Kathy Lien, Managing Director Of FX Strategy For BK Asset Management
Daily FX Market Roundup November 21, 2019
Friday will be a big day for the . There’s a speech by ECB President and November PMIs. Since Lagarde became the president of the central bank, she has not made any direct comments on monetary policy. However we know from prior talks that the ECB’s new leader is worried about the threat of nationalism along with the danger of global recession and like her predecessor feels that fiscal stimulus is absolutely necessary to sustain the region’s economy. The key question is whether she feels the need for more monetary stimulus. So far, she hasn’t provided much insight into her views and could choose to remain ambiguous until the next central-bank meeting in December. However if she uses tomorrow’s speech as an opportunity to clarify her position on easing, we’ll see a big response in the euro. A dovish outlook could drive EUR/USD to 1.10, especially if it is supported by weaker PMIs. A more optimistic bias on the other hand will take EUR/USD to a 2-week high above 1.11. Although the euro traded lower today, Germany’s better-than-expected has economists and investors looking for stronger – and -sector activity. If Lagarde says nothing meaningful, EUR/USD will take its direction from PMIs – either way, we expect a breakout day for the euro.
Meanwhile, the recovered nearly all of yesterday’s losses on the back of comments from Bank of Canada Governor Poloz. He feels that monetary conditions are about right, that the Canadian economy is in a good place and there’s a glimmer of response to global easing, which suggests that despite softer data, are not on the radar this year for the central bank. They feel that policy today is quite stimulative but they will watch financial stability and confidence closely. are scheduled for release tomorrow and if spending beats expectations, USD/CAD could slip to 1.32. In contrast, the and dollars weakened today as a trade deal between the U.S. and China remains elusive. in New Zealand also fell at a faster pace in October.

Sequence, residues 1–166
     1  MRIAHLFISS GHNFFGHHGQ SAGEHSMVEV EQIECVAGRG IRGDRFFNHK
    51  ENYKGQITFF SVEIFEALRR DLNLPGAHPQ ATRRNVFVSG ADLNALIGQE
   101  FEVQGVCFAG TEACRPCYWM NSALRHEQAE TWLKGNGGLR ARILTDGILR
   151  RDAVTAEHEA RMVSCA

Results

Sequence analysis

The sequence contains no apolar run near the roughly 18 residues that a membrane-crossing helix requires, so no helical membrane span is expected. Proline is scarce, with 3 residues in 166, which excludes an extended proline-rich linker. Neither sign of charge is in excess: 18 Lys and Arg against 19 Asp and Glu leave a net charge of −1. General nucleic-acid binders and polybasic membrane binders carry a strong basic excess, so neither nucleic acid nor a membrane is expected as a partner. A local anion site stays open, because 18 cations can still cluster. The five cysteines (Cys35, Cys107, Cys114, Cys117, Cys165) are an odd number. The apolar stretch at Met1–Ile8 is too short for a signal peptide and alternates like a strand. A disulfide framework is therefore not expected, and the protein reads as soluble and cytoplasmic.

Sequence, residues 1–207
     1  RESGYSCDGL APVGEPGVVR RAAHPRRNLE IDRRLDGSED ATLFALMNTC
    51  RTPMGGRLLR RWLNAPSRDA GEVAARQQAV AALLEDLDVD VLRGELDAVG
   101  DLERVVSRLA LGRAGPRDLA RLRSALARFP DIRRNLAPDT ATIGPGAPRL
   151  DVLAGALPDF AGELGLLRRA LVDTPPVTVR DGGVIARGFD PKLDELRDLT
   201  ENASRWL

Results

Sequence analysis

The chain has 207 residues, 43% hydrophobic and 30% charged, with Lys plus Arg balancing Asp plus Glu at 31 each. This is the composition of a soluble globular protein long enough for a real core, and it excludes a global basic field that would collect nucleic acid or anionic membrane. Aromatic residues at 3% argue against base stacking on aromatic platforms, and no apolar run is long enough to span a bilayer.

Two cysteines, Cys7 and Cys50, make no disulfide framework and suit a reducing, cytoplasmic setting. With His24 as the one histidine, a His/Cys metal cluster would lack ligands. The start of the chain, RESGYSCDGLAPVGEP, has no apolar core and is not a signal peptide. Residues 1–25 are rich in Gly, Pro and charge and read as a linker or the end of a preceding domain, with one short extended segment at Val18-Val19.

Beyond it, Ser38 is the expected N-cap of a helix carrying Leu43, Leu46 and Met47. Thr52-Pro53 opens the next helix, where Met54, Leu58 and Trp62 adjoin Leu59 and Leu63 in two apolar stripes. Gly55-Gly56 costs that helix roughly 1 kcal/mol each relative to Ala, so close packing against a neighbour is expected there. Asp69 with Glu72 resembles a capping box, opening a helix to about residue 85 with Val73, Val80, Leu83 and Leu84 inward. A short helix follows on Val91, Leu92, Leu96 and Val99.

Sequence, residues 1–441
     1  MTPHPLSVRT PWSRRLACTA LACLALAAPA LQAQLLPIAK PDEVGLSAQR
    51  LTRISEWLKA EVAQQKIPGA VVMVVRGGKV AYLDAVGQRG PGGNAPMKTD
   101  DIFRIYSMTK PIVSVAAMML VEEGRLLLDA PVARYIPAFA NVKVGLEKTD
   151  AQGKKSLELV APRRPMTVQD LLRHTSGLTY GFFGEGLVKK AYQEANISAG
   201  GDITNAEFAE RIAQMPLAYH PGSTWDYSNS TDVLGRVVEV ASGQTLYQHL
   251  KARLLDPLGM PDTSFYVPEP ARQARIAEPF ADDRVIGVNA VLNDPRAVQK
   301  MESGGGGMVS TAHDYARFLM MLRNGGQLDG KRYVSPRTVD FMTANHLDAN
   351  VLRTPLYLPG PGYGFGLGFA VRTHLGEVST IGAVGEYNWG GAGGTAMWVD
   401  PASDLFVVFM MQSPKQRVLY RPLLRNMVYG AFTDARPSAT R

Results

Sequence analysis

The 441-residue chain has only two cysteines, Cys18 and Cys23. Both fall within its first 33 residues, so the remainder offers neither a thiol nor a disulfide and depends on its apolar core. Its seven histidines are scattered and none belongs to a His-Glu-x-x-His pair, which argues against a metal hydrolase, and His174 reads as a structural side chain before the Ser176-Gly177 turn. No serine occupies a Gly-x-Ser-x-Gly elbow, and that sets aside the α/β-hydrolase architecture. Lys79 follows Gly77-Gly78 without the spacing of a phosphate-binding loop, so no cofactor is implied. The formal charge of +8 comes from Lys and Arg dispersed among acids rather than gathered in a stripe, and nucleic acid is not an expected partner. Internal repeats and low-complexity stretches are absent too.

There have been many trade-related headlines over the last 24 hours but the stagnant price action in tells the real story. China invited U.S. trade negotiators for further talks and is striving to reach a “Phase 1” deal but the U.S. has the upper hand with investors doubtful on any real progress. After passing the House, the Hong Kong Human Rights and Democracy Act has been sent to President Trump. China has called on the President to veto the bill but with unanimous Senate and House support, it’s highly unlikely that he will do so. They have threatened forceful measures if the bill is signed so expect to tensions to escalate when that happens.
The reason why we haven’t seen any big moves in is because the possibility of risk aversion is offset by better-than-expected data that validates the central bank’s less-dovish bias. The rebounded in the month of November, a sign that the manufacturing sector may not be doing as terribly as investors may have feared.
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